As someone who’s of above average size – I’m 6’4” and weigh over 240 lbs. – I’ve always worried that I’ll be perceived as the ‘bad guy‘ in any confrontation with an aggressor who’s smaller than I am. How can someone who’s physically imposing deal with a self-defense situation and not find themselves prosecuted simply because they are so much larger than the assailant?

Well, first, there’s nothing in the law that states that little people are allowed to attack big people with knives. The other guy’s the assailant, the other guy’s armed with a deadly weapon. I would definitely draw the gun, because, number one, anyone trained in the knife, will tell you, if you try to disarm a guy with a knife, you are going to be cut, the only question is “how bad.”

Second, any psychologist will tell you, if what you do is you’re trying to diffuse the situation, and you go bare hands against the little guy with the knife, what you’re telling him is, “Punk, I’m so much more of a man than you, I can disarm you of that deadly weapon and take you with my bare hands.” You have now left him absolutely no face-saving way out. Psychologically, he has to continue the attack.

If you pull the gun on him, you know, I don’t care if he’s a gang-banger in the presence of the head gang leader himself, no one is gonna call him a coward for dropping the knife, backing up and saying “I’ll get you another day,” and leave. Basically, what you’ve done by drawing the gun is to give him a face-saving way out. And history shows us that most of the time it will end there without bloodshed.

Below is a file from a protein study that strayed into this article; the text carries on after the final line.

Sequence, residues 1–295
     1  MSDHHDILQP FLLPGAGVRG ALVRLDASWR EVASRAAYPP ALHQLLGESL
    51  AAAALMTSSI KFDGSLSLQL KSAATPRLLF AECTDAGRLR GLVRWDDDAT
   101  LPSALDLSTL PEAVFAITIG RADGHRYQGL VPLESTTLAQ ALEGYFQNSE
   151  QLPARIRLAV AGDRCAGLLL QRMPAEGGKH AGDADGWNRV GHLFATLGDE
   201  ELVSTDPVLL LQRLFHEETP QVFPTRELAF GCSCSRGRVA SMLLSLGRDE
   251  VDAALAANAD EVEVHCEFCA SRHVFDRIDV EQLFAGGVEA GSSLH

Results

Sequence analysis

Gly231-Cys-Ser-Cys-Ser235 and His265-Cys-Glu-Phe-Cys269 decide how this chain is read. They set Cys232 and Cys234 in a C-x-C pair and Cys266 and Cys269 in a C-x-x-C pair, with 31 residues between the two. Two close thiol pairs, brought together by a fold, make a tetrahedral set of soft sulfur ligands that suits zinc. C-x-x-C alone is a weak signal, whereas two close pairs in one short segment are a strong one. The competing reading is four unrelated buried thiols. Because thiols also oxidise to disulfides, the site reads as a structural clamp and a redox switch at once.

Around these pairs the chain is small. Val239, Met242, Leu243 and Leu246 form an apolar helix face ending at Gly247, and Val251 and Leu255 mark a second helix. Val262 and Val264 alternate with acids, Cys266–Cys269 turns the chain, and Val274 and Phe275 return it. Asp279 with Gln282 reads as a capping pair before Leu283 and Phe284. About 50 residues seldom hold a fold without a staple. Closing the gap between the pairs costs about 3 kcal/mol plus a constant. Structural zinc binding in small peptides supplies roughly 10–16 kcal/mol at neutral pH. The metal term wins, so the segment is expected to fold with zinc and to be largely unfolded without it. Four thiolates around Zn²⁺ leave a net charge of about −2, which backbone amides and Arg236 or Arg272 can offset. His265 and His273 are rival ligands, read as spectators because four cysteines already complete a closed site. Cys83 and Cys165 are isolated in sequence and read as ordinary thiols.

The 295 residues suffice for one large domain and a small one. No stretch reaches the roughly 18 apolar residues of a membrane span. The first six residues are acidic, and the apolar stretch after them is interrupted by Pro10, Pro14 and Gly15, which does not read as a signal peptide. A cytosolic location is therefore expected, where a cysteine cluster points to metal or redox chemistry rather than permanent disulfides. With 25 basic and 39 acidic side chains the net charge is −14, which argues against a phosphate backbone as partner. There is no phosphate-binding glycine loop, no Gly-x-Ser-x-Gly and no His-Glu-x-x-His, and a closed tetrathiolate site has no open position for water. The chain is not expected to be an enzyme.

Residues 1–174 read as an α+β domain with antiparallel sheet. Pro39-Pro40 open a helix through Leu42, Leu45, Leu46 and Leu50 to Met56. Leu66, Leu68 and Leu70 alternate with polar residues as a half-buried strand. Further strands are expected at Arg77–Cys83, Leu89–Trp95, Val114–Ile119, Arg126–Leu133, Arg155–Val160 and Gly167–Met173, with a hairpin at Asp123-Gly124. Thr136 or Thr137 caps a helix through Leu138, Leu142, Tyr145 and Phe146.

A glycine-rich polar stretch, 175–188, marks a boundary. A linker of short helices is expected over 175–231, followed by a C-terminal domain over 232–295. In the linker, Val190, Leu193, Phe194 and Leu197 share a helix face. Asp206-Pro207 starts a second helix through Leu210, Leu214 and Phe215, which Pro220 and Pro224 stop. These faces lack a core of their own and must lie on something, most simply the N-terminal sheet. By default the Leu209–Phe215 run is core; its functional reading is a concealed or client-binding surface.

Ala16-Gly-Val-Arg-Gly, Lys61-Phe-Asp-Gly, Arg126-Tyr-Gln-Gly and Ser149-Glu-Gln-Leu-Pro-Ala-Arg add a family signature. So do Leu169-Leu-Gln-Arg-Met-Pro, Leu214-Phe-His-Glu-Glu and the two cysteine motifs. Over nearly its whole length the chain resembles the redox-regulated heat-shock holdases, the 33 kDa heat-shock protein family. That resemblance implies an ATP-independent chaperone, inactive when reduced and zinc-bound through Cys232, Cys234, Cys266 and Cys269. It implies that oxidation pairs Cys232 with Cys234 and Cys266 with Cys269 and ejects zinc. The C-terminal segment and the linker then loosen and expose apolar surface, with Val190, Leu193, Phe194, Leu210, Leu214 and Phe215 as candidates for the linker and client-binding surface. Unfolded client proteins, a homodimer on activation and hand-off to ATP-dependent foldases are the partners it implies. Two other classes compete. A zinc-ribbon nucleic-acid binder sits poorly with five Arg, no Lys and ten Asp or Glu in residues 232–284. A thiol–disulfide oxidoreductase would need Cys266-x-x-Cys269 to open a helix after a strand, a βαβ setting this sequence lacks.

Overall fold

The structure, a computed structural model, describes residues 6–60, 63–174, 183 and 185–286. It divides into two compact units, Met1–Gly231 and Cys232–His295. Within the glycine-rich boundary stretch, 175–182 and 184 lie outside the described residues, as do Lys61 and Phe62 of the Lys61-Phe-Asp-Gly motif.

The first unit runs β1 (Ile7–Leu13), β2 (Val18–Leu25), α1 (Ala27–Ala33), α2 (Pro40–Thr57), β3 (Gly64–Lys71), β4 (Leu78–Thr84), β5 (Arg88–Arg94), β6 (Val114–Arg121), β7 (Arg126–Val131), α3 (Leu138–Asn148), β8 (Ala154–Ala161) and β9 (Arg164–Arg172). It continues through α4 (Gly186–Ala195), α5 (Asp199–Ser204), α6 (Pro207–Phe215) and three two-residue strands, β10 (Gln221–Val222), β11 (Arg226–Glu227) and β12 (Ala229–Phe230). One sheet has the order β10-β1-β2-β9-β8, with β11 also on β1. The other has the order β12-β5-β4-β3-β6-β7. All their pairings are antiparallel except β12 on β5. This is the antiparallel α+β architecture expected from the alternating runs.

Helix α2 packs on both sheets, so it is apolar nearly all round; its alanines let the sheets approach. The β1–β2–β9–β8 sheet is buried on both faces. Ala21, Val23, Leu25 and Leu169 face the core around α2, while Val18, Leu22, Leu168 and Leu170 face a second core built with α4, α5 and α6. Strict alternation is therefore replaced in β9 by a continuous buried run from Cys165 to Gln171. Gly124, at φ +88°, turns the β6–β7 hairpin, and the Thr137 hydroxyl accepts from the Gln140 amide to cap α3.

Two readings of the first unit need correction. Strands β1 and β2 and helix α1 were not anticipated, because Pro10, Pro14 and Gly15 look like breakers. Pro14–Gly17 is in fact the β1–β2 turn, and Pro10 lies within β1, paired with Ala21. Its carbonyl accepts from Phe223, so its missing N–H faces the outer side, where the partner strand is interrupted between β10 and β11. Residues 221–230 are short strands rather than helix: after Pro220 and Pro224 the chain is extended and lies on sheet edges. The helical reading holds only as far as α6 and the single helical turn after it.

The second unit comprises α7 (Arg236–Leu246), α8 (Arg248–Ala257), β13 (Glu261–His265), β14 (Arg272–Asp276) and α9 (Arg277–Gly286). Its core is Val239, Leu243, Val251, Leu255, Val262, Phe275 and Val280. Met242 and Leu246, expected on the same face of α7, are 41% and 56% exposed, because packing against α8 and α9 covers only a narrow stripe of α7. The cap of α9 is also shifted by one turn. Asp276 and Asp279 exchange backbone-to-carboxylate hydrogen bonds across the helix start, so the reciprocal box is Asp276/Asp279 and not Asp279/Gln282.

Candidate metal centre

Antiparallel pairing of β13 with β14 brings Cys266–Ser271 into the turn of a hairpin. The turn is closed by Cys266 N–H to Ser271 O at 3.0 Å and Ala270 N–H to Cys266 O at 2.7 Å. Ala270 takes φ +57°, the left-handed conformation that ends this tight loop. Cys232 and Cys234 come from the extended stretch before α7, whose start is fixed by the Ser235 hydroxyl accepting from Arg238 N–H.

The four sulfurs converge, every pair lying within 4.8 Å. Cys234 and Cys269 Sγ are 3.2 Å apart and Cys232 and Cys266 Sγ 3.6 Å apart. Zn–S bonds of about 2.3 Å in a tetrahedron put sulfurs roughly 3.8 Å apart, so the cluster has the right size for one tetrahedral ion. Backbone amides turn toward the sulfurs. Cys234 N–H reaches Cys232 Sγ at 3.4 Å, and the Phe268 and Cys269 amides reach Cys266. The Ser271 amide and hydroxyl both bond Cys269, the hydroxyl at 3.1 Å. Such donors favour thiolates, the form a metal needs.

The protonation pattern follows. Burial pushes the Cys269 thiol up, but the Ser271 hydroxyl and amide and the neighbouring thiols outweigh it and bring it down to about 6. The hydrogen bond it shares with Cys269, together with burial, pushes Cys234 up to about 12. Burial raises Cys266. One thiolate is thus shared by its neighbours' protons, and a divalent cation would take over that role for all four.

Go hands-on with a guy with a knife, history tells us somebody’s gonna get cut. For all those reasons, I’ve had the situation where somebody pulled a knife on me, I knew A: I’ve got my hand on my knife, B: I’m probably better trained with a knife than him, C: I might get cut but I’m gonna win, and D: Because of where this is happening, I’ll never get off this street alive if I kill this guy. And I backed up, adjured from the conflict, left and came back with some other authority figures, came back and got that situation squared away.

I had one situation when I was very young where a kid pulled a knife on me, I pulled a bigger knife on him, he backed off and life was good. And I had one in my 20’s, he pulled a knife on me, I pulled the gun, he shoved the knife back in the back of his belt somewhere, and I don’t think he had a sheath for it, and I hope he stuck it in his ass. He raised his hands in a conciliatory gesture and waved very urgently to his partner, had an absolutely death’s head fake smile on him as he’s got the hands up towards me in the stop gesture as he’s backing away.

All things considered, I thought that was the best resolution of the three.  If they pull the knife, I will draw the gun.

——————

In tomorrow’s installment, we start off with Massad’s take on the Gabe Suarez quote regarding aiming your weapon at the dirt, and keeping your finger on the trigger. Don’t miss it.

Click here for Part I • Part II • Part IV • Part V • Part VI